|Publication number||US6743110 B2|
|Application number||US 10/256,792|
|Publication date||Jun 1, 2004|
|Filing date||Sep 27, 2002|
|Priority date||Apr 26, 2000|
|Also published as||US20030032492, WO2001080958A1|
|Publication number||10256792, 256792, US 6743110 B2, US 6743110B2, US-B2-6743110, US6743110 B2, US6743110B2|
|Inventors||Lex E. Frazier|
|Original Assignee||Lex E. Frazier|
|Export Citation||BiBTeX, EndNote, RefMan|
|Patent Citations (17), Non-Patent Citations (4), Classifications (5), Legal Events (3)|
|External Links: USPTO, USPTO Assignment, Espacenet|
This application claims priority from U.S. application Ser. No. 09/559,990 filed Apr. 26, 2000, abandoned.
This invention relates generally to the game of golf, and in particular to improvements in course layout and method of play that satisfy the needs of beginning and intermediate players.
Golf is quite often referred to as the fastest growing sport in the world today. It seems more and more people of all ages are taking up the game. More and more golf courses are being built and golf in general is looked on as big business. With all this going for the sport one would be somewhat surprised to learn that a continuing problem confronting the game's two main keepers, the USGA and the PGA, is how to grow the sport, to retain and encourage newcomers.
The truth is that for every ten people who take up golf eight are no longer playing a year later. For each new course that opens, two established courses are sold for pennies on the dollar, and few equipment manufacturers have been profitable in recent years. Courses are built to help sell real estate, and once the real estate is sold then the course has to find a way to survive on it's own. Equipment manufactures spend more on advertising than they make in an attempt to win a share of the market. They constantly change their product line in hopes that their new promises to the golfer will prove to be the one that will make their company stand above the rest. Although the reasons for these problems are diverse, there is a solution that would benefit anyone remotely involved with the sport: encourage new players coming into the game to continue playing until they become proficient and competitive.
In order to accomplish this seemingly impossible task one must first understand why the problem exists. Although people take up the sport for many different reasons, they seem to all leave for the same reason. Courses are built today to resemble courses that are used in tour events where the greatest players in the world compete. They are long and difficult, complete with water hazards, multiple sand traps, thick rough, narrow fairways, and severely fast and undulating greens. These are great characteristics for tour players and advanced golfers but for those just learning the game and having to do it in an environment where they are rushed and experience very little success, it's simply more than they bargained for. So they quit the game.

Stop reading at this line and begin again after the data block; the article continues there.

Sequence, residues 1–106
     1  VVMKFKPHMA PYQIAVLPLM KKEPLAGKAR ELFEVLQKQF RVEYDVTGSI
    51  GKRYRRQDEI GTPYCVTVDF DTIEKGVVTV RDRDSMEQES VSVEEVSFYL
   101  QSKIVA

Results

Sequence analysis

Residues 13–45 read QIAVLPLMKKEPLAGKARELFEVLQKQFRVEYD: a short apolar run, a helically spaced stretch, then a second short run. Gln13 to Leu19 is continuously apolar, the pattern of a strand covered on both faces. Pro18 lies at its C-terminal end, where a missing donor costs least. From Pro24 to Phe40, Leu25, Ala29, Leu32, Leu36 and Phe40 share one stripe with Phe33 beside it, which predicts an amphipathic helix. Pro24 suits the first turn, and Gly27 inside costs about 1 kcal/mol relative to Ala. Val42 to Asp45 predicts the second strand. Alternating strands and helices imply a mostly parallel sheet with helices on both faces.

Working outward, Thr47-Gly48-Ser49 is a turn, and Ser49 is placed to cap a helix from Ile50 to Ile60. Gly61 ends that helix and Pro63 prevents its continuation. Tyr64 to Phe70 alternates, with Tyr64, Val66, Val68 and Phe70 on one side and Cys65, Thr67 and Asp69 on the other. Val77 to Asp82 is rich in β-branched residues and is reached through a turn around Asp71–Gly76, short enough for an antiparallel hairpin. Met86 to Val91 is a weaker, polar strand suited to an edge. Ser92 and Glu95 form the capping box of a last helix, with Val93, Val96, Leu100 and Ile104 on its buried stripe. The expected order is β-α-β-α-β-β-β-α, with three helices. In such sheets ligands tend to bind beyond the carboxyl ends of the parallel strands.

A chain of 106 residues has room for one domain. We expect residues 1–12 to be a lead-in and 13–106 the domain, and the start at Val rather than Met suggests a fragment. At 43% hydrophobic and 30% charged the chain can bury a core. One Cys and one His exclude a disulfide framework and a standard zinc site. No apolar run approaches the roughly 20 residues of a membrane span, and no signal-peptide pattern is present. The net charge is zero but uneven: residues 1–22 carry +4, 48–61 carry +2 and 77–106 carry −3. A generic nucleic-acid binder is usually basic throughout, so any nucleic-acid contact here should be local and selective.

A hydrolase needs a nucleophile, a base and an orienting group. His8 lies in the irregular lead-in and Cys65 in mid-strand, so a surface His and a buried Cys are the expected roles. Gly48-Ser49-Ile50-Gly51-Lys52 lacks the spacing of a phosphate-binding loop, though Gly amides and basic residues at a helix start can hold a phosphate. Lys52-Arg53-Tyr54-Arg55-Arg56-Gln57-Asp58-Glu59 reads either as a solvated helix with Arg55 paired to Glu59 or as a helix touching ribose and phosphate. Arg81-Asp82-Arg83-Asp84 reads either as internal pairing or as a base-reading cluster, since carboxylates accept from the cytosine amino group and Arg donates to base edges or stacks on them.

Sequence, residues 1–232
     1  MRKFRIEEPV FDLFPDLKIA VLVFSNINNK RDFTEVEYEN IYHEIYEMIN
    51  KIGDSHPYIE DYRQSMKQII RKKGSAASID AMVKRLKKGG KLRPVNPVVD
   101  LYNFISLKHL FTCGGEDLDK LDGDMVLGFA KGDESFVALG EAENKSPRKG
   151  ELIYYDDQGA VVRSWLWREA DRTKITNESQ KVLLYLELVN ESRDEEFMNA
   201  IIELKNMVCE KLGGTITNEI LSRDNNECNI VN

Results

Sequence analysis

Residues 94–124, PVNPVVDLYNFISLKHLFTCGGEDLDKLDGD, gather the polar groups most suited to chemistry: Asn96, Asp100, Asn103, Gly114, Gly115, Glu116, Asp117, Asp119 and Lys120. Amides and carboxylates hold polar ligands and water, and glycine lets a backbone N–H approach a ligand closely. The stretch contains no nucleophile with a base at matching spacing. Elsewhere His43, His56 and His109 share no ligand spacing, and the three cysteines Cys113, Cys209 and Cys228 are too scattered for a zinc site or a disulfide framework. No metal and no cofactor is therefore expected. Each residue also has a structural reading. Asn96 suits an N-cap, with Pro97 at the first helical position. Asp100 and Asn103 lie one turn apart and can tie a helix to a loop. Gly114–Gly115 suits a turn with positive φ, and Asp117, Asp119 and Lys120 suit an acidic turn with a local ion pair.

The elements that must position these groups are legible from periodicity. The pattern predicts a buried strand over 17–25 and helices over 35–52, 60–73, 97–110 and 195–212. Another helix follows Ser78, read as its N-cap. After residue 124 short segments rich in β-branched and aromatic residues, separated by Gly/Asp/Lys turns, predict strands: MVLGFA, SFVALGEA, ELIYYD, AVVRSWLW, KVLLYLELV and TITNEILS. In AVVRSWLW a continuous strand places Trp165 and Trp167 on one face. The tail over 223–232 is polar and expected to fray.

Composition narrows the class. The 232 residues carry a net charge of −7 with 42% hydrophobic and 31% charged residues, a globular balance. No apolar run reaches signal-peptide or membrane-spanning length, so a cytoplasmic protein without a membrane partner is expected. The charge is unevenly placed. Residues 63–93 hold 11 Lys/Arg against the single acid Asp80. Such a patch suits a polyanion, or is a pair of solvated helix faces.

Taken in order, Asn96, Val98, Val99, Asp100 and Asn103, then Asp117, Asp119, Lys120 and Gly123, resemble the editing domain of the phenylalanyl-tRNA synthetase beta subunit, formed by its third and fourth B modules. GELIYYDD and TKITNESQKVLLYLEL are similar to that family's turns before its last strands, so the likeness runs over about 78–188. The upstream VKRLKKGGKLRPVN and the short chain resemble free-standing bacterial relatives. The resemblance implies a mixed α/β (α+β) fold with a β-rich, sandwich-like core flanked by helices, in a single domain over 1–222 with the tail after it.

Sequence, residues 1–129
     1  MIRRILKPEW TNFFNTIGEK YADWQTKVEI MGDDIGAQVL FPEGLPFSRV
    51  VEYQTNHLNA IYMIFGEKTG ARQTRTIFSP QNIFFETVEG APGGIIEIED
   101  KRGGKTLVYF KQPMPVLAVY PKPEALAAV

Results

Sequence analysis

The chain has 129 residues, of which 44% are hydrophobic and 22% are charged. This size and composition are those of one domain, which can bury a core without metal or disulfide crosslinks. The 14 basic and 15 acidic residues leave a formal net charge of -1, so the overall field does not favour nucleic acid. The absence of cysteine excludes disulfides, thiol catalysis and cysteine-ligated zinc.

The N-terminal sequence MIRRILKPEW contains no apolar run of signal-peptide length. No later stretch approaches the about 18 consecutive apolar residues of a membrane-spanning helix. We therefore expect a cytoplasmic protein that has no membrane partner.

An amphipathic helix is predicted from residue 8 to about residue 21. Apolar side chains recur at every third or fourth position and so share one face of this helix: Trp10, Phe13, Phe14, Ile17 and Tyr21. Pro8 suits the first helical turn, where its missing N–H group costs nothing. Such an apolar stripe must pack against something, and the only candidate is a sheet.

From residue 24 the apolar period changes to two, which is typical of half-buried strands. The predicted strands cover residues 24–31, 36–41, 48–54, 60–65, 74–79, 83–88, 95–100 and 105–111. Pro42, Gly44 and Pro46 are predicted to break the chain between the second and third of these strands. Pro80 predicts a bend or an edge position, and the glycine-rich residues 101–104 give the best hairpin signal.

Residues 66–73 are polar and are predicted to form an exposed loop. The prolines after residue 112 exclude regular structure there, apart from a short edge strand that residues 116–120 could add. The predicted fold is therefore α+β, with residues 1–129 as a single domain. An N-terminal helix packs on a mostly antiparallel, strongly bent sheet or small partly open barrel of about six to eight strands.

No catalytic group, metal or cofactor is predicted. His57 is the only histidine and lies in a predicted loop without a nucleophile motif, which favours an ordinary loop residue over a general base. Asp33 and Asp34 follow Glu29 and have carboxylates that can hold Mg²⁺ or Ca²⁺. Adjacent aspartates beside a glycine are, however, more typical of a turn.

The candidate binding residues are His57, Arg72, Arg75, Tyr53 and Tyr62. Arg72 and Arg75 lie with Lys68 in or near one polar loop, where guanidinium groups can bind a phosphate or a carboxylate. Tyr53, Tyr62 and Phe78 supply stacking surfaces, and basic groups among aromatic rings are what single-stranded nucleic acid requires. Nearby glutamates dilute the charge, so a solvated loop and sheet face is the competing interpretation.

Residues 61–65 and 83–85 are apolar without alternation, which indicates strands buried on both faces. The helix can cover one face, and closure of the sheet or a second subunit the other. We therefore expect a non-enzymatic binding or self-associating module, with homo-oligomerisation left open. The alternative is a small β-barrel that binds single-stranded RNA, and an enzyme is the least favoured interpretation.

The answer lies in two areas: better learning facilities and more favorable learning conditions. The present invention, referred to as “Golf 22,” is more than just another game, it's an exiting new golfing experience that offers something to amateur golfers of all playing levels. For the beginner, it offers a learning environment that's friendly, an environment where players can experience success and a desire to continue to learn and play the game of golf without the frustrations they would endure on a conventional course. For the more experienced player, it offers a great practice environment for the area of golf that's most important—the short game. Not many practice areas are available to the advanced amateur golfer who wishes to work on his short game in a competitive way.
The layout of conventional golf courses that may be used for regulation play is constantly being improved, within the playing rules and regulations established by the USGA. In the present invention, an improved golf course is designed to accommodate the needs of beginners as well as more advanced players in a unique layout allowing for many of the variety of strokes encountered on a conventional golf course, but in a compact arrangement that requires less acreage for regulation play and on which twenty-two holes can be played at par in about two hours, thirty minutes.
These advantages are provided, according to the present invention, by a golf course that is laid out in a total of eleven holes integrated within the existing natural rough environs of the site. The holes are arranged for play in a front round of eleven holes and a back round returning in a clockwise pattern over the same eleven holes, with each round being played over a sequence of greens spaced apart along the course. Each green is separated from the rough by an out-of-play (OP) boundary line, and the distance between the center of each green and the out-of-play boundary line is proportional to a predetermined fraction of the spacing distance that separates the center of the green of the hole at play from the center of the preceding green in the sequence. There are no conventional fairways separating the greens. Instead, the greens are integrated within the existing natural rough environs of the site. The roughs are maintained only for aesthetics, and not for play purposes.